Tim Sweeney, creator of Fortnite, also fascinated by set theory. As he knows computer graphics well, this isn’t surprising but it’s nice seeing a pragmatic use of 3 valued logic. 1/4/04 One apparent way of avoiding the paradoxes of naive set theory is to turn set-defining characteristic functions into partial functions from sets to the three-valued logic {T,F,bot}. This three-valued logic extends classical logic in the obvious way with and(T,bot)=or(F,bot)=bot, and(F,x)=F, or(T,x)=T, not(bot)=bot, so that every truth function has a fixed point. Obviously the law of excluded middle does not hold: or(a,not(a)) only implies that a is T or bot. This gives the logic a constructive character. In my formulation, I identify each set with its characteristic function from sets to {T,F,bot}. Thus given s:set, the membership of an element x can be tested with s(x). In the general case, this is a partial function, returning bot for some values. I call such sets “partial sets”, and sets whose characteristic function is in {T,F} “total sets”. Every set of ZF and NF is a total set, with this theory admitting a strictly larger class of sets than either. Russell’s set R={s:set|not(s(s))} is then a partial set. All ZF sets are elements of R, while some elements of NF are not elements of R, while some new sets such as R itself are of undecidable membership. I’ve translated the ZF axioms to this set theory, rephrasing them in terms of characteristic functions and new for-all and there-exists logic operators performing logical conjunction and disjunctions across all elements of a characteristic functions. Everything appears to be sound and avoids known paradoxes. With the new axioms, it is easy to construct a bijection from the universal set to its power set. Cantor’s proof that |P(x)|>|x| for all non-empty sets x proceeds by constructing C={a:x|not(P(x)(a)} and using the law of excluded middle to derive a contradiction on its membership in P(x). This goes away for lack of excluded middle, leaving C a partial set which appears not to be constructively contradictory. The one worrying aspect of this approach is that it identifies sets with characteristic functions from sets to logic values: Set=Set->{T,F,bot}. I have only been able to develop an intuition of such sets in a purely constructive way, by writing down a finite list of possibly self-referential equations defining sets, and convincing myself that a unique solution exists. This is much in the style of NF’s axiom that every (possibly cyclic) graph corresponds to a set, but I allow unlimited comprehension. Are there any known problems with this approach to set theory? Any pointers to research on the topic? Tim Sweeney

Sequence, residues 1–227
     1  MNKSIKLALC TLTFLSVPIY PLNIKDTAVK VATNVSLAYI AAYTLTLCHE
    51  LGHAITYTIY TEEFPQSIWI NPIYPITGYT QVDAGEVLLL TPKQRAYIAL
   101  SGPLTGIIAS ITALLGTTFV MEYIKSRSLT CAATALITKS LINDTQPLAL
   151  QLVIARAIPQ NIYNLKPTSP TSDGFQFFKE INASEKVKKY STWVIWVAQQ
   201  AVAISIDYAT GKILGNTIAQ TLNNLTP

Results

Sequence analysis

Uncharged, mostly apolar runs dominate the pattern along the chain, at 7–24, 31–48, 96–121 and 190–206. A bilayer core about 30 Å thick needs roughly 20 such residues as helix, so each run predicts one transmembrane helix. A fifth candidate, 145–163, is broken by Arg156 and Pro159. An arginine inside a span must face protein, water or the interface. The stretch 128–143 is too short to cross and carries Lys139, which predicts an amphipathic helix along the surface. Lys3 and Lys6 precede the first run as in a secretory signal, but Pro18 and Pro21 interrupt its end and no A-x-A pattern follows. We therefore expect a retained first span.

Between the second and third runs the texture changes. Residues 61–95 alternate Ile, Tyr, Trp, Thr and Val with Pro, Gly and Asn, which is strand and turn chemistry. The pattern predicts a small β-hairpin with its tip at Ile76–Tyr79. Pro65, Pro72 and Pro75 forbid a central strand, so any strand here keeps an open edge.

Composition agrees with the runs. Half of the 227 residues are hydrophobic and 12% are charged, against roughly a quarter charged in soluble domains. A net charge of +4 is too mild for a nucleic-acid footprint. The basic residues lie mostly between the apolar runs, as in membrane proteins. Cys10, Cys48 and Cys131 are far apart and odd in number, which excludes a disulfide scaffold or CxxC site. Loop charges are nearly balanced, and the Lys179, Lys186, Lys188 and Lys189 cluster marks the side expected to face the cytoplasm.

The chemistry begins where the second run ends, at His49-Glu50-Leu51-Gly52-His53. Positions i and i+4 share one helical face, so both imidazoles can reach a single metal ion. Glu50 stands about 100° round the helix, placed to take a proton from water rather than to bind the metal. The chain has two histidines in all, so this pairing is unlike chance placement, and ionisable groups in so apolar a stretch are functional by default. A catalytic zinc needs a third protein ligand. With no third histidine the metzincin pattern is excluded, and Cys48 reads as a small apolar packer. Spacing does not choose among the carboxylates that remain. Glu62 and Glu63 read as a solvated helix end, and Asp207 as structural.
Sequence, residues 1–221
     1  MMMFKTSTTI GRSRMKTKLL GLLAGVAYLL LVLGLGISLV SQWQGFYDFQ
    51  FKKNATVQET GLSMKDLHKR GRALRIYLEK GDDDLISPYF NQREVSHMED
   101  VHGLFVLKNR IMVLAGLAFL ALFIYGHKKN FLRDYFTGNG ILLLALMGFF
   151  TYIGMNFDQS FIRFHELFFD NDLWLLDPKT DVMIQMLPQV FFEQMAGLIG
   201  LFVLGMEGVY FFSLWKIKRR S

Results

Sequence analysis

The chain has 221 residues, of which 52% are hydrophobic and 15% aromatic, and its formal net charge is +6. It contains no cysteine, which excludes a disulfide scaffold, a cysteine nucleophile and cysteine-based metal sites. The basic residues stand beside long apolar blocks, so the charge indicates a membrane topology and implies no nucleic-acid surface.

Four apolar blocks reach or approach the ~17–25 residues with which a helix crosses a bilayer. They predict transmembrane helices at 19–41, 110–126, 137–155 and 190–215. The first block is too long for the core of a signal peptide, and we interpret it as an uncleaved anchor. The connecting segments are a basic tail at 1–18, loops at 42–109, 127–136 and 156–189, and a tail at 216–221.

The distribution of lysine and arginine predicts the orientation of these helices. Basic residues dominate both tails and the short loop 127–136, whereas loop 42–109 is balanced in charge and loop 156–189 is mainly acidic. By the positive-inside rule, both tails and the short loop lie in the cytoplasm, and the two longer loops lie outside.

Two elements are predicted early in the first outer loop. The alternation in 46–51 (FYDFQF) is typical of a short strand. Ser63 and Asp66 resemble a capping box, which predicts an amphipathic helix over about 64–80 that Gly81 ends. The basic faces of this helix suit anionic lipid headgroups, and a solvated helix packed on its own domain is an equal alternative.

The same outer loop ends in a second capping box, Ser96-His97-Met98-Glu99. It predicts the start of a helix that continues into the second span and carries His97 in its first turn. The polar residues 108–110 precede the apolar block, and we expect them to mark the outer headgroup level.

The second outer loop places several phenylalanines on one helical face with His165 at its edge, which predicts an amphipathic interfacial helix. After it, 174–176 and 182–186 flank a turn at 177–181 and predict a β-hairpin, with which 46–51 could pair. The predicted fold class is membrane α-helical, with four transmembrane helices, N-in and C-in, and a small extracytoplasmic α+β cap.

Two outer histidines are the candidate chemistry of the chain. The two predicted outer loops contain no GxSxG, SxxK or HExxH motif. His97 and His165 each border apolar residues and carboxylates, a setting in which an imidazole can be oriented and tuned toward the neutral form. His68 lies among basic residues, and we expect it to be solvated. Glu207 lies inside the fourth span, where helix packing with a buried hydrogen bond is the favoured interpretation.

Tim Sweeney, creator of Fortnite, also fascinated by set theory. As he knows computer graphics well, this isn’t surprising but it’s nice seeing a pragmatic use of 3 valued logic.

1/4/04
One apparent way of avoiding the paradoxes of naive set theory is to turn set-defining characteristic functions into partial functions from sets to the three-valued logic {T,F,bot}. This three-valued logic extends classical logic in the obvious way with and(T,bot)=or(F,bot)=bot, and(F,x)=F, or(T,x)=T, not(bot)=bot, so that every truth function has a fixed point.

Obviously the law of excluded middle does not hold: or(a,not(a)) only implies that a is T or bot. This gives the logic a constructive character.

In my formulation, I identify each set with its characteristic function from sets to {T,F,bot}. Thus given s:set, the membership of an element x can be tested with s(x). In the general case, this is a partial function, returning bot for some values. I call such sets “partial sets”, and sets whose characteristic function is in {T,F} “total sets”. Every set of ZF and NF is a total set, with this theory admitting a strictly larger class of sets than either.

Russell’s set R={s:set|not(s(s))} is then a partial set. All ZF sets are elements of R, while some elements of NF are not elements of R, while some new sets such as R itself are of undecidable membership.

I’ve translated the ZF axioms to this set theory, rephrasing them in terms of characteristic functions and new for-all and there-exists logic operators performing logical conjunction and disjunctions across all elements of a characteristic functions. Everything appears to be sound and avoids known paradoxes.

With the new axioms, it is easy to construct a bijection from the universal set to its power set. Cantor’s proof that |P(x)|>|x| for all non-empty sets x proceeds by constructing C={a:x|not(P(x)(a)} and using the law of excluded middle to derive a contradiction on its membership in P(x). This goes away for lack of excluded middle, leaving C a partial set which appears not to be constructively contradictory.

The one worrying aspect of this approach is that it identifies sets with characteristic functions from sets to logic values: Set=Set->{T,F,bot}. I have only been able to develop an intuition of such sets in a purely constructive way, by writing down a finite list of possibly self-referential equations defining sets, and convincing myself that a unique solution exists. This is much in the style of NF’s axiom that every (possibly cyclic) graph corresponds to a set, but I allow unlimited comprehension.

Are there any known problems with this approach to set theory? Any pointers to research on the topic?

Tim Sweeney